How to Choose a Financial Advisor

By Travis McShane, CFP®, CFA

So you’ve reached the point where it makes sense to get some professional help with your personal finances.

How did you get here?

  • Do you need retirement advice to make sure you’ll have enough to live on?

  • Are your kids’ college tuition and other expenses starting to add up?

  • Do you need help navigating the ever-expanding universe of financial products, mutual funds, and insurance products to find the right tools for your situation?

  • Are you having difficulty puzzling together how much you should be saving?

If you have lived in Orange County for any length of time, you’ll know that plenty of options are available when seeking out “financial advice.” Unfortunately, the quality of the advice varies dramatically depending on the source because just about anybody can call themselves a “financial advisor.” Or possibly you’ve heard of one of these other terms we advisors like to call ourselves:

  • Financial consultant

  • Financial planner

  • Financial counselor

To try to establish a minimum level of competence for investment advice, the personal finance industry has developed a multitude of professional certifications and credentials that are supposed to denote expertise in various subject areas.

However, this alphabet of credentials leaves it up to the consumer to sort through which designations require a rigorous course of study and work experience to complete, and which require the advisor to simply pay a fee, take a test, and receive a designation.

To help you vet potential financial advisors, here are a few of the more desirable professional designations to look for along with links to their certification requirements:

Each of these certifications has strong ethical, educational, and experience requirements that the members are held to in order to use the designation. Continuing education is also an important factor to consider so that the members stay up date on industry best practices and new planning opportunities.

Choosing from whom to receive your advice is an important decision, and it is worth the extra time and effort up front to determine whom you can trust to help manage your life savings and guide your family toward its financial goals.

Fiduciary standard vs. suitability standard: The first step you should take in your search is to make sure the financial advisor is always required to put your best interests first. This may seem obvious, but unfortunately not all advisors are held to the fiduciary standard of care, which requires advisors to put their clients’ interests ahead of their own. A simple question to ask is “Are you always required to put my best interests first?”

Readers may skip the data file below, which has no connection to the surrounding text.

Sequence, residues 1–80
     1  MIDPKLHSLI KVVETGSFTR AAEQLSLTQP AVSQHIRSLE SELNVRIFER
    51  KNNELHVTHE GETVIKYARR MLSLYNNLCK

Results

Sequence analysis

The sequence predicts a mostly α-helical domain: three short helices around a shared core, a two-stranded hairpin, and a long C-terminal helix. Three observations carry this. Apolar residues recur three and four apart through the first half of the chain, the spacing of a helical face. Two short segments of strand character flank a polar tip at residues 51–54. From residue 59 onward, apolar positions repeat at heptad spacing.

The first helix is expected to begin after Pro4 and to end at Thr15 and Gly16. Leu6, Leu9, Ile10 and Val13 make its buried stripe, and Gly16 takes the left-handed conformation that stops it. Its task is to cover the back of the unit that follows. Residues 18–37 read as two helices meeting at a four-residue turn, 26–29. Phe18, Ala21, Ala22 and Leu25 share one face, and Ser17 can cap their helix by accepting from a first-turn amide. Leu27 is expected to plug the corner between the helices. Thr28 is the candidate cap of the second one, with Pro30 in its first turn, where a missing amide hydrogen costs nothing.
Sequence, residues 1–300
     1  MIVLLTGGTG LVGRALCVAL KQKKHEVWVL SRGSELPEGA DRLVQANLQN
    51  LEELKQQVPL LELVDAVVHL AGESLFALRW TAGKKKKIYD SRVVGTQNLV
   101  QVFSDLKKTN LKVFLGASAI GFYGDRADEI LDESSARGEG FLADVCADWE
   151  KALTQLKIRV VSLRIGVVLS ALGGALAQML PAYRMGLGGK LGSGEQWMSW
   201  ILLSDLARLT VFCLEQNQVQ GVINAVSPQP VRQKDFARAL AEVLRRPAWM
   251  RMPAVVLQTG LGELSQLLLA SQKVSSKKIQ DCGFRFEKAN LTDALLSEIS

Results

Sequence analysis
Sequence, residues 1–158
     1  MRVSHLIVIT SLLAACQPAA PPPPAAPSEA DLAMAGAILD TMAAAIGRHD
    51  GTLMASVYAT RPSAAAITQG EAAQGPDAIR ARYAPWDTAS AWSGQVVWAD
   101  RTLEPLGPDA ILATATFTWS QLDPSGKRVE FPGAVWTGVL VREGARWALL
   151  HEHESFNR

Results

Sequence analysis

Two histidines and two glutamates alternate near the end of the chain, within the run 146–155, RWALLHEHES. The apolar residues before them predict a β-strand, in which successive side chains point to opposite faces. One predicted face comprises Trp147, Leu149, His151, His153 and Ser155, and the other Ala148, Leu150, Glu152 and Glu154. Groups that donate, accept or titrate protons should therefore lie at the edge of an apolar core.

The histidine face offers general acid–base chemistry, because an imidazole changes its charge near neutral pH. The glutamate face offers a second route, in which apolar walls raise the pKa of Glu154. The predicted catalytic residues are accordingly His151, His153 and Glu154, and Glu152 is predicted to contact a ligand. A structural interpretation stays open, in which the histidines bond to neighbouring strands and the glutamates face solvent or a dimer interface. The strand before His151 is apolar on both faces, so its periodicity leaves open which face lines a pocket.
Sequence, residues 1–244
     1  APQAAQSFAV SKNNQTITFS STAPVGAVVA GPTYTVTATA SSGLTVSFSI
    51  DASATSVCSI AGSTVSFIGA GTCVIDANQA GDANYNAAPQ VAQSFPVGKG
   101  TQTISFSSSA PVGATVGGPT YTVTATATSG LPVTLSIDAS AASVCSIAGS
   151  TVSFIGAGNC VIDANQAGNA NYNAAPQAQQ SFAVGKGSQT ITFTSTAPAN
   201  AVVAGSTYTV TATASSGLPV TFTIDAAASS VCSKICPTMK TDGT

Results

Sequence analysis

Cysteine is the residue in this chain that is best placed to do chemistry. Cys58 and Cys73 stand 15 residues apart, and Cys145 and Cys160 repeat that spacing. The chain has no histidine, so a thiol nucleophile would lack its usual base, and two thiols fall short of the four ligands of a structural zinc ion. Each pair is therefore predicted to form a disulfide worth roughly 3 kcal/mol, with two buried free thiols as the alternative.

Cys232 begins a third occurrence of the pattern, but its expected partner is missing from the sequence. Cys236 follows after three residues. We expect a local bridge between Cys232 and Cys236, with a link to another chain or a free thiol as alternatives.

Most advisors operate under what is known as the suitability standard of care, which means they just need to be sure that the products they recommend to you are suitable for someone in your situation. The products do not necessarily have to be the best solutions available.

Areas of financial planning: The next step is to determine the financial planning areas in which the advisory firm can assist you. Some advisors are only interested in selling you financial products and do not consider your overall financial situation when making recommendations.

Look for advisors with expertise in the following areas:

  • Investment management

  • Retirement planning

  • Tax planning

  • Insurance planning

  • Estate planning

  • Charitable planning

Independence counts: Next, look for advisors that are independent and able to choose from all available solutions in the marketplace. Many advisors can select from only a specific list of options provided by the company that employs them. For example, if an advisor can sell only annuities, then it is very likely that they will figure out a way to solve your problem with an annuity, which may not be the optimal solution. Have you ever heard the expression “If you’re only given a hammer, then everything looks like a nail”?

Once you’ve narrowed down your list, one of the best questions you can ask a financial professional is:

“How do you get paid?”

If you can’t get a straight answer to this question, then how are you supposed to place your trust in this person to help you with your financial situation? Here are a few of the ways advisors are generally compensated:

  • Commission only

  • Fee and commission (a.k.a. fee based financial planner)

  • Fee only financial planning

  • Hourly rate

  • Flat fee/project fee

Most fee only advisors are regulated by the Securities and Exchange Commission as Registered Investment Advisors (RIAs) and generally have fewer inherent conflicts of interest when compared with their commission-based counterparts.

Commission-based advisors are usually licensed by the Financial Industry Regulatory Authority (FINRA) and/or their state’s insurance commission, which enables them to receive commissions for the various products they recommend and sell to you.

Remember that most people do not work for free, so if you can’t figure out what you will be paying for the services, you should probably take that as a warning sign!

Here are a few good online resources to help you with your search for a personal financial advisor:

Remember to take your time with this decision. It is much better to move slowly at the outset and make a good decision on the best financial advisor to work with the first time around. This will not only improve your peace of mind as it to relates to your finances, but it will help prevent you from having to jump from advisor to advisor over your lifetime, which could be detrimental to your long-term goals. It will also improve your ability to follow the advice you are receiving, as you’ll know the source to be competent, experienced, and transparent.

Schedule a 15-minute discovery call with a fee only financial advisor to discuss your personal situation.

Travis McShane, CFP®, CFA